Wakulla Beach, located on Goose Creek Bay in Wakulla County, is currently enjoyed by residents and visitors as a beach area for anglers, swimmers, and paddlers. This site is also the location of some of Wakulla County’s interesting history.
Wakulla Beach was inhabited between A.D. 100 and A.D. 800 by Native Americans during the Swift Creek to Weedon Island periods. Bird Hammock located at Wakulla Beach contains burial mounds and midden deposits from this time period. This site was added to the U.S. National Register of Historic Places on December 15, 1972.
In the early 1900s, Daisy Walker (Miss Daisy) was inspired to establish the town of East Goose Creek on Wakulla Beach. Daisy Walker and her husband Senator Henry N. Walker laid out the town in 1915, developing what is said to be Florida’s first subdivision1 and built a hotel to attract visitors. The main road through the subdivision, Hotel Avenue, is currently known as Wakulla Beach Road.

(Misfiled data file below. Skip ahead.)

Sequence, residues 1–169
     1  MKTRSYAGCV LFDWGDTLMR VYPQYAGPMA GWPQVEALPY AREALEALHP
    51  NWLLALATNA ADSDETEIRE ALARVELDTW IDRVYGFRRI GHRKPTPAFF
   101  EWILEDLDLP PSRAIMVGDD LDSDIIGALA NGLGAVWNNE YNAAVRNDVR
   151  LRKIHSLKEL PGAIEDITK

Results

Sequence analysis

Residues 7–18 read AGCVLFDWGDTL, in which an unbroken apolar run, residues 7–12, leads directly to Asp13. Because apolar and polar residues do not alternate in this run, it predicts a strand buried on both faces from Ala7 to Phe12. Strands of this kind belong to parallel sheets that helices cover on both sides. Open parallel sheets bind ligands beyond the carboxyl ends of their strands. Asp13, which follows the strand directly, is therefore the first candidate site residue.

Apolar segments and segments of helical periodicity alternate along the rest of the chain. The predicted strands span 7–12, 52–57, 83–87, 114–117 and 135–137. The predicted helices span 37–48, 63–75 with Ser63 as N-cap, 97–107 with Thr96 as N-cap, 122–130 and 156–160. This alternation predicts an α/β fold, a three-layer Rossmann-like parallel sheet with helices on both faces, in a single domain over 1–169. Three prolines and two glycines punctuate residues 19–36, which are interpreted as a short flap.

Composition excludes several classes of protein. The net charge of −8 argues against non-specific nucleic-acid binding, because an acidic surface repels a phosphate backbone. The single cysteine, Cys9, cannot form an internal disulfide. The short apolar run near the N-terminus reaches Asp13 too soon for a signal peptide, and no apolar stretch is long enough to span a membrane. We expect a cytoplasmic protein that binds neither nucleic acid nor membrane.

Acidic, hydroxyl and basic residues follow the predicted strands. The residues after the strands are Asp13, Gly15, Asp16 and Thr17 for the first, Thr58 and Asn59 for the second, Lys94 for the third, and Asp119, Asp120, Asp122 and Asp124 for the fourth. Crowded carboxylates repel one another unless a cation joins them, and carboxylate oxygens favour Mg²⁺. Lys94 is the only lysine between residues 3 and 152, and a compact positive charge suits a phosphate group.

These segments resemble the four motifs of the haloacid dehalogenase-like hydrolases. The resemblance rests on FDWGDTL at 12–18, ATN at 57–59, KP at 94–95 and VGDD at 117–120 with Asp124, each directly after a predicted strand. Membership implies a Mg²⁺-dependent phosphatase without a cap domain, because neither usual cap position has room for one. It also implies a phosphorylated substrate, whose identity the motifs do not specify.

In the 1920s, the hotel became the Walkers’ home and they constructed another hotel closer to the beach. The second hotel was destroyed by a hurricane in 1928.
A third hotel was built in approximately the same location as the second hotel. The hotel is said to have been used to entertain legislators, hunters, tourists, and soldiers returning from World War II, however, Daisy Walker died in 1935 and Senator Walker lost his bid for reelection in 1939. Sometime after 1949, former Senator Walker eventually worked with the U.S. Fish and Wildlife Service to add East Goose Creek to the St. Marks National Wildlife Refuge and demolished the hotel.
Remains of the third hotel can still be found at the forest edge at Wakulla Beach.
Today, Wakulla Beach is used by anglers and swimmers. Wakulla Beach is also a launch site for the Goose Creek Bay Paddling Trail, part of the Apalachee Bay Maritime Heritage Paddling Trails in Wakulla County.